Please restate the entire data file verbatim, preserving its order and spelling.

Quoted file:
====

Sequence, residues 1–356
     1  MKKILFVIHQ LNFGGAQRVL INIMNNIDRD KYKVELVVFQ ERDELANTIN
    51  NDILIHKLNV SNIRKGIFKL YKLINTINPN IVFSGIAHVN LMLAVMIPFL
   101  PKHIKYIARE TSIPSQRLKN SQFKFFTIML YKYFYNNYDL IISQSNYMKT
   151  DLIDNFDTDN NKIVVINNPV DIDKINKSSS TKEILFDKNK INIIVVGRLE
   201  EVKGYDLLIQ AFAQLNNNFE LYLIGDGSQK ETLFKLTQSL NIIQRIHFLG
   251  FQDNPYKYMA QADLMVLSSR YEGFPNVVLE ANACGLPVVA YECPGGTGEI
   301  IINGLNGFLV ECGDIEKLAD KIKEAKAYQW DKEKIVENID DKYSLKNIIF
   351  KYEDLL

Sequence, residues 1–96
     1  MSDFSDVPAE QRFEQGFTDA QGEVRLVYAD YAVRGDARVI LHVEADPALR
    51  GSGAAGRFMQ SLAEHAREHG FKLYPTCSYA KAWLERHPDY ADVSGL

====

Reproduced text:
Sequence, residues 1–356
     1  MKKILFVIHQ LNFGGAQRVL INIMNNIDRD KYKVELVVFQ ERDELANTIN
    51  NDILIHKLNV SNIRKGIFKL YKLINTINPN IVFSGIAHVN LMLAVMIPFL
   101  PKHIKYIARE TSIPSQRLKN SQFKFFTIML YKYFYNNYDL IISQSNYMKT
   151  DLIDNFDTDN NKIVVINNPV DIDKINKSSS TKEILFDKNK INIIVVGRLE
   201  EVKGYDLLIQ AFAQLNNNFE LYLIGDGSQK ETLFKLTQSL NIIQRIHFLG
   251  FQDNPYKYMA QADLMVLSSR YEGFPNVVLE ANACGLPVVA YECPGGTGEI
   301  IINGLNGFLV ECGDIEKLAD KIKEAKAYQW DKEKIVENID DKYSLKNIIF
   351  KYEDLL

Sequence, residues 1–96
     1  MSDFSDVPAE QRFEQGFTDA QGEVRLVYAD YAVRGDARVI LHVEADPALR
    51  GSGAAGRFMQ SLAEHAREHG FKLYPTCSYA KAWLERHPDY ADVSGL